Selfhood and Self-government in Women’s Religious Writings of the Early Modern Period

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Some scholars have identified a puzzle in the writings of Mary Astell (1666–1731), a deeply religious feminist thinker of the early modern period. On the one hand, Astell strongly urges her fellow women to preserve their independence of judgement from men; yet, on the other, she insists upon those same women maintaining a submissive deference to the Anglican church. These two positions appear to be incompatible. In this paper, I propose a historical-contextualist solution to the puzzle: I argue that the seeming inconsistency can be dispelled through a close examination of (i) the concepts of selfhood and self-government in Anglican women’s devotional texts of the period, and of (ii) the role that these concepts play in Astell’s feminist arguments.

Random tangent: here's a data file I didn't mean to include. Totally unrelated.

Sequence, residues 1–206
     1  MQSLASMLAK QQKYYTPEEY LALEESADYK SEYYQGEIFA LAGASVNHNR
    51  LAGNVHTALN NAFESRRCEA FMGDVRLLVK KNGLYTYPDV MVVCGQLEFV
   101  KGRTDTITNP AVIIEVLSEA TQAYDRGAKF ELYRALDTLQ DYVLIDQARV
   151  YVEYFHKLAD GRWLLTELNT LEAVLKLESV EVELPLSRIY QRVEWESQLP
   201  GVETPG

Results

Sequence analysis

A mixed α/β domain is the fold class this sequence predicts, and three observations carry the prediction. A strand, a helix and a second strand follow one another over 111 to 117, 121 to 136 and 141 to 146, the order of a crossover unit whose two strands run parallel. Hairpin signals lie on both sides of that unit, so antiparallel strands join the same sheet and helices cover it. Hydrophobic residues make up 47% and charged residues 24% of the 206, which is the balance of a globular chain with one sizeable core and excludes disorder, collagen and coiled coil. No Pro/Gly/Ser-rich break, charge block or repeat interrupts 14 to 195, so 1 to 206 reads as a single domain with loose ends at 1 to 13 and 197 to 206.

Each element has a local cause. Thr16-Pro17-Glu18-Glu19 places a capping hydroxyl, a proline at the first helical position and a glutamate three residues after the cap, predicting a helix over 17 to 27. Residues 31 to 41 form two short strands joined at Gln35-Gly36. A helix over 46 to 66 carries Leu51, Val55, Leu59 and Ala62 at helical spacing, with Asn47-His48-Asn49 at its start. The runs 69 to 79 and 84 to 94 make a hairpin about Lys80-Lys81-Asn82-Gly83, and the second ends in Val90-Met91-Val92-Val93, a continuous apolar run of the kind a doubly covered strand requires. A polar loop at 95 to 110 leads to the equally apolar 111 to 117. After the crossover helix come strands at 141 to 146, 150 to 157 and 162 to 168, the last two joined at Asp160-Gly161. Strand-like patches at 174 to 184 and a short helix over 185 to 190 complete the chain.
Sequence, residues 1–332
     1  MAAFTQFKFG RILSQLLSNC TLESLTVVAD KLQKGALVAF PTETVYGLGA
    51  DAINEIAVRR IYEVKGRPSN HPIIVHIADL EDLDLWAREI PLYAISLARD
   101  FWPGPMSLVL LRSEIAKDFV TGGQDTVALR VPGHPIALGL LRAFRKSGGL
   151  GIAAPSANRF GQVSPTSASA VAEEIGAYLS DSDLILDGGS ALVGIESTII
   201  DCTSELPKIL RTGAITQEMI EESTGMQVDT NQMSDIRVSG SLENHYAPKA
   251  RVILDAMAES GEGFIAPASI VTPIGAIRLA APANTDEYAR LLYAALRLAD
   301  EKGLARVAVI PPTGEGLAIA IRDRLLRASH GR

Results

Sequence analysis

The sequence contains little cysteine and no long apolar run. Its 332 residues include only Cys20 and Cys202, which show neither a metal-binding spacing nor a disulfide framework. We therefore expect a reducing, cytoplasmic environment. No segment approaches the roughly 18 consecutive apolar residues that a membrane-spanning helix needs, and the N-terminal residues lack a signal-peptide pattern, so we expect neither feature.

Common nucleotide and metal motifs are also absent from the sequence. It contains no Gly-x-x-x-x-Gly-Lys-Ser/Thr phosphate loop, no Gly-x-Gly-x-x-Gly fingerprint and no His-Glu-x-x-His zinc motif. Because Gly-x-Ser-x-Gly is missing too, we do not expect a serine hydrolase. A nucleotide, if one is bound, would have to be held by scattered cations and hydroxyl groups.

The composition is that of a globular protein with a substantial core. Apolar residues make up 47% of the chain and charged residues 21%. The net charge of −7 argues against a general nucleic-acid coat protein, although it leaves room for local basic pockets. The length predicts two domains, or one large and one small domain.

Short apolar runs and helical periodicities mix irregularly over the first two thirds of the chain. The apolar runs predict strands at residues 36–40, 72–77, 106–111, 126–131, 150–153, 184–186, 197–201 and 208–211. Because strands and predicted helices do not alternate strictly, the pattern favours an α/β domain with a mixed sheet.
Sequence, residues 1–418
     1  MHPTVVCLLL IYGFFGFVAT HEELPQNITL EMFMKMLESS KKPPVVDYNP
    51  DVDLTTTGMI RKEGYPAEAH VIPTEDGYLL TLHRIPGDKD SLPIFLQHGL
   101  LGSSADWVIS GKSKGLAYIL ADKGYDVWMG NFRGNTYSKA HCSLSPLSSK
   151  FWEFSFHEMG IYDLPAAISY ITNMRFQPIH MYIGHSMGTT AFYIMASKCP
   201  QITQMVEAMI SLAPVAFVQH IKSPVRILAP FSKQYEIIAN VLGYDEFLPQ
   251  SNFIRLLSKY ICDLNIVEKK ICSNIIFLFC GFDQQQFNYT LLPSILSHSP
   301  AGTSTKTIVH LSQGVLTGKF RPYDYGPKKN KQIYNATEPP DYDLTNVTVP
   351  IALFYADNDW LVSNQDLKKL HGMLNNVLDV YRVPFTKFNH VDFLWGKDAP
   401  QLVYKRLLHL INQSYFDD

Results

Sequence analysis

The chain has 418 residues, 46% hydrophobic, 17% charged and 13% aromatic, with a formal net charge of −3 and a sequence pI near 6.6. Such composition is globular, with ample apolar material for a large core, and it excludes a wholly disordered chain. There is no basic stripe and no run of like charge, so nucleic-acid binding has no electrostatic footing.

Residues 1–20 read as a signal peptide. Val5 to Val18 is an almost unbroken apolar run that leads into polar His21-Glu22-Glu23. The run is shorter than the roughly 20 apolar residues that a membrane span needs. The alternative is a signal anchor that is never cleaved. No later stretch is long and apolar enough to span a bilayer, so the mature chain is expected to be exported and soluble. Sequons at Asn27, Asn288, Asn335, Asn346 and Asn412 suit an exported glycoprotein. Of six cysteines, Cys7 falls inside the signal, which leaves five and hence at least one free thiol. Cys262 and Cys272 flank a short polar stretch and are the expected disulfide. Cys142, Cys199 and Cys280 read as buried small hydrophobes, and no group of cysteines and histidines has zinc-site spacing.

Original languageEnglish
Number of pages18
JournalInternational Journal of Philosophical Studies
Publication statusAccepted/In press - 2019


  • agency
  • Elizabeth Burnet
  • feminist theories of autonomy
  • Mary Astell
  • self-government
  • selfhood

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